I have a pretty high baseline level of skepticism, and when I’m exposed to rhetorical bombast, it causes those skepticism levels to spike. Objections overflow; doubts seep from my pores. It’s an allergic reaction. So this line, the first sentence in the Rodale Institute’s new white paper on the carbon-capturing potential of organic farming, gave me a light rash:
We are at the most critical moment in the history of our species.
The entire history of our species? Including the first faltering steps? Including the thousands of years about which we know zilch? This extension of rhetoric beyond the scope of human knowledge does not inspire confidence.
The paper’s assertion is that, “Simply put, recent data from farming systems and pasture trials around the globe show that we could sequester more than 100 percent of current annual CO2 emissions with a switch to widely available and inexpensive organic management practices, which we term ‘regenerative organic agriculture.’”
This, at least, is a slightly less audacious claim than the last, but not by much. Completely switching food production to organic agriculture would be so difficult that I’m not going bother with it. Instead, let’s see what a first step in that direction might look like, and consider the evidence that that step might be worth taking.
Actually, the methods proposed make a lot of sense: “cover crops, residue mulching, composting and crop rotation. Conservation tillage, while not yet widely used in organic systems, is a regenerative organic practice integral to soil-carbon sequestration.” So far I’m on board. The complete lifecycle carbon impacts of these practices aren’t fully understood yet — the studies suggest that they can help capture a little bit of carbon, though not always enough to make them carbon sinks. Still, all of these measures have additional benefits beyond carbon sequestration: No-till and cover cropping prevents erosion; crop rotation discourages pests. It’s sensible to experiment with these practices vigorously, even if it turns out they don’t sequester an ounce of carbon.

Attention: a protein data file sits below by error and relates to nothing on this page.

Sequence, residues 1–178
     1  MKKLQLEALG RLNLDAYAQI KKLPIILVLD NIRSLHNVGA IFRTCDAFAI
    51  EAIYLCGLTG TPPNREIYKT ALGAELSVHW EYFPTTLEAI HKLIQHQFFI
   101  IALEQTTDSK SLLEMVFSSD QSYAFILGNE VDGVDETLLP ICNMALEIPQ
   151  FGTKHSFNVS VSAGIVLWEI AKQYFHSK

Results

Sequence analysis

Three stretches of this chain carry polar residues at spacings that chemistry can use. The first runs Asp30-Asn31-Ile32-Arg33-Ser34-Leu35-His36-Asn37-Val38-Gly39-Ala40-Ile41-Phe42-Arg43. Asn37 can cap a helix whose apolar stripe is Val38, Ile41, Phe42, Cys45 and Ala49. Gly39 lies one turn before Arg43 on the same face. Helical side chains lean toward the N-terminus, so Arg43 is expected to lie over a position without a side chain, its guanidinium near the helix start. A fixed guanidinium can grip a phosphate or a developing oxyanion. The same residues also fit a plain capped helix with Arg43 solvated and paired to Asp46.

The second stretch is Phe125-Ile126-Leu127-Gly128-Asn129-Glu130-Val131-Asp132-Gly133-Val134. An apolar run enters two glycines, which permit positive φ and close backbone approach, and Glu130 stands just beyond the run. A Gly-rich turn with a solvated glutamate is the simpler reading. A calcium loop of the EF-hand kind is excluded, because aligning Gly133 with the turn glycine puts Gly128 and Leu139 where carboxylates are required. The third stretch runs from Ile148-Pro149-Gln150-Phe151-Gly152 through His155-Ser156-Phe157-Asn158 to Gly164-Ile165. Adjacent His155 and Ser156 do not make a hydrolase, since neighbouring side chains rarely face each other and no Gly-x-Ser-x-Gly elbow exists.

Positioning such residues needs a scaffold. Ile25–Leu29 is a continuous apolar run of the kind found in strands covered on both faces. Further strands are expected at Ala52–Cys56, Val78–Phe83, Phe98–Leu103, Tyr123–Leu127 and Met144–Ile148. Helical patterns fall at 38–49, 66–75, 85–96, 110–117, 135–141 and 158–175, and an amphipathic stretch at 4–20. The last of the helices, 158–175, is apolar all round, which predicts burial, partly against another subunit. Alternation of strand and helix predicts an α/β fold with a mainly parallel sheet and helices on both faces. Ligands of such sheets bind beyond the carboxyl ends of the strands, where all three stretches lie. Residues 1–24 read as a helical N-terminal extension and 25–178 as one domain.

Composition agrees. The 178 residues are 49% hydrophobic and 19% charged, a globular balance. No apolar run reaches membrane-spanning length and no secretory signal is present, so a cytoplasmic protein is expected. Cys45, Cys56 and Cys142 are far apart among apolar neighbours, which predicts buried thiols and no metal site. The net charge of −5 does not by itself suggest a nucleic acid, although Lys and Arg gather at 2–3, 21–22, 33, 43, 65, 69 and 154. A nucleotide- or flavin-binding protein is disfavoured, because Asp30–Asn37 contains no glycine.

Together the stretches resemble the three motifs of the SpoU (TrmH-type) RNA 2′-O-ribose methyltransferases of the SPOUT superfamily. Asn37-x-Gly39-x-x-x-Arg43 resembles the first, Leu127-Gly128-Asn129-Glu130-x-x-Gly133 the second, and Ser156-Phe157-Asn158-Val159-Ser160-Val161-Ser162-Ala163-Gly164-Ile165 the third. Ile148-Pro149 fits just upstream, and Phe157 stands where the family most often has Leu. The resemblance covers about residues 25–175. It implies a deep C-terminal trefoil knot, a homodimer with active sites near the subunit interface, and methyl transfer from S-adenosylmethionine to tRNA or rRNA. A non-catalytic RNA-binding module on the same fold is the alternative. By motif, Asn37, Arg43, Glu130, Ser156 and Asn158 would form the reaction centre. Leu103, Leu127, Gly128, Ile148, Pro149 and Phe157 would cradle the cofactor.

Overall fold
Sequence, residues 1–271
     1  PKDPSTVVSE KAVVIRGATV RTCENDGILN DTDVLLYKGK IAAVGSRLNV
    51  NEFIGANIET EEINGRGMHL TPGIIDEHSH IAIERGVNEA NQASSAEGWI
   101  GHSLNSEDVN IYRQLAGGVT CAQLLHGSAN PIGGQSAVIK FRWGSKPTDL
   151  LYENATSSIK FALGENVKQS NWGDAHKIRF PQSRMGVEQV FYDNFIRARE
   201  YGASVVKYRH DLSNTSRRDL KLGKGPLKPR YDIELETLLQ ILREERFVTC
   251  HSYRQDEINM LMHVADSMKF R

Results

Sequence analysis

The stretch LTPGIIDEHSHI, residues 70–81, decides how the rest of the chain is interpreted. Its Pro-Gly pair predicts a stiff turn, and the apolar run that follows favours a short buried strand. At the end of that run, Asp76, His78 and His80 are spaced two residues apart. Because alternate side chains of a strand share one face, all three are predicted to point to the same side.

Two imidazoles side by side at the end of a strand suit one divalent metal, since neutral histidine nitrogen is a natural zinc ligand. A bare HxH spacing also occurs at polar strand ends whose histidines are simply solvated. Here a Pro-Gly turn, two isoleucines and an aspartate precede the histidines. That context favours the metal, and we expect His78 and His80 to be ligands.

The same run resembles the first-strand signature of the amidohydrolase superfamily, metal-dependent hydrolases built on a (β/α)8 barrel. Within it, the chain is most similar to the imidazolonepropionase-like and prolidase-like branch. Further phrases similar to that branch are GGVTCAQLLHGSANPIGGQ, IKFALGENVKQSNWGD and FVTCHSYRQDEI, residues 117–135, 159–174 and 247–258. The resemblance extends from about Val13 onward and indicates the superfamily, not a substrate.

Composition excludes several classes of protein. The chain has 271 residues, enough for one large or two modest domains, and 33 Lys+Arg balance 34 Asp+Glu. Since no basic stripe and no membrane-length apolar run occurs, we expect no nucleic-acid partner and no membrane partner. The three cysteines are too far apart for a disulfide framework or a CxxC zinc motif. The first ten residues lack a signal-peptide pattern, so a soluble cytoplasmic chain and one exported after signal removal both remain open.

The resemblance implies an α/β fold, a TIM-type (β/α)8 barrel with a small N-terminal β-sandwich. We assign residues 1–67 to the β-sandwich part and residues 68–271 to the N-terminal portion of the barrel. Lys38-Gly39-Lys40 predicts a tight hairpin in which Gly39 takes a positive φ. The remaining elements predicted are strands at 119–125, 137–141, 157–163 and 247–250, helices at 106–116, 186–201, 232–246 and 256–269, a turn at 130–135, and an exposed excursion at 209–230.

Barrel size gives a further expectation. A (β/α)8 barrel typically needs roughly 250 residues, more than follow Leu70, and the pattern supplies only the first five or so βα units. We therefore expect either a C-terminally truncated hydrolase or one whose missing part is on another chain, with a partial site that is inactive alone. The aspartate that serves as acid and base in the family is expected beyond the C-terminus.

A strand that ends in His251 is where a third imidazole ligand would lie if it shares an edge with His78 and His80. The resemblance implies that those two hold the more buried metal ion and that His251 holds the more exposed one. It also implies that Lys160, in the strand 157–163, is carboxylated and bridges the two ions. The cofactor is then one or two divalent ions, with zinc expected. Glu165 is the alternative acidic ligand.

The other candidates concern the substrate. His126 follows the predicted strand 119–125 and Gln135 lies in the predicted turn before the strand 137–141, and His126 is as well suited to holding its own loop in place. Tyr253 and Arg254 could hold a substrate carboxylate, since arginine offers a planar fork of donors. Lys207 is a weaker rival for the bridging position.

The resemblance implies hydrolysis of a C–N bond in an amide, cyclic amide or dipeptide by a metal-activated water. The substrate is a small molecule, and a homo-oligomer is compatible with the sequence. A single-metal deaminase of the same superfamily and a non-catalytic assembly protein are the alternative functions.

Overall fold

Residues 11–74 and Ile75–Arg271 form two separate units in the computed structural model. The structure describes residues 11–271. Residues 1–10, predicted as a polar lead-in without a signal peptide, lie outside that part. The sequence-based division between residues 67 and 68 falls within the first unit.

The other major element of “regenerative organic agriculture” is going organic — ostensibly by refraining from using synthetic pesticides and fertilizer. The problem with synthetic nitrogen fertilizer is that it can decompose into nitrous oxide — a terrible greenhouse gas with 300 times the global warming impact of carbon dioxide. But then all nitrogen fertilizers — whether it’s organic compost, or manure, or nitrogen-fixing legumes — have exactly the same problem. A recent meta-analysis from the Research Institute of Organic Agriculture in Switzerland found that organic food actually had more nitrous oxide emissions per calorie than conventional food.
There really hasn’t been enough study to say definitively if synthetic fertilizer is better or worse than, say, manure. I’d bet that the source of the nitrogen matters a lot less than the way it’s used. You can pump a bunch of feces from a giant pig farm onto your field, let it off-gas in the sun, and call it “organic.” Or, on the other side, you could be a conventional farmer working with the Environmental Defense Fund to minimize nitrous oxide emissions from fertilizer. The point is, there’s not a smoking gun that makes all conventional agriculture more carbon intensive than all organic farming.
And yet, as I looked through the studies that have been done holistically comparing organic ag to conventional systems, my skepticism receded. There really is a lot of evidence that organic farming can lock up more carbon than other systems. (there’s a great discussion of this evidence in the top comments of that last link.) There’s even evidence from USDA scientists that organic production (considering both carbon and nitrous oxide) can actually consume more greenhouse gases than it produces. That is, it can be carbon-negative, whereas the conventional fields in that study have always been carbon-positive.
So what accounts for this difference, if not synthetic fertilizer? The best hypothesis I’ve heard is that it’s not any one thing you can point to; instead, it’s the overall philosophy. Organic farms constantly work to build up the soil, which is basically another way of saying that they move carbon out of the air and into the dirt. It’s a central tenet of organic farming, and people have been refining techniques to do it for hundreds of years.
I’m still skeptical of the claim that organic farming could offset all our emissions, but it does have some important lessons to share. Let’s start taking those first steps toward “regenerative organic agriculture.” While we’re doing so, though, let’s also dial back the evangelical fervor. Overselling a case like this can do real harm: Sure, it rallies the faithful, but it also makes it easy for everyone else to dismiss.
The thing is, this may truly turn out to be “the most critical moment in the history of our species.” At the very least, this moment is going to profoundly influence the future of humanity. To deal with that, we need measured and convincing assessments of every good tool we can get — more than we need hype.
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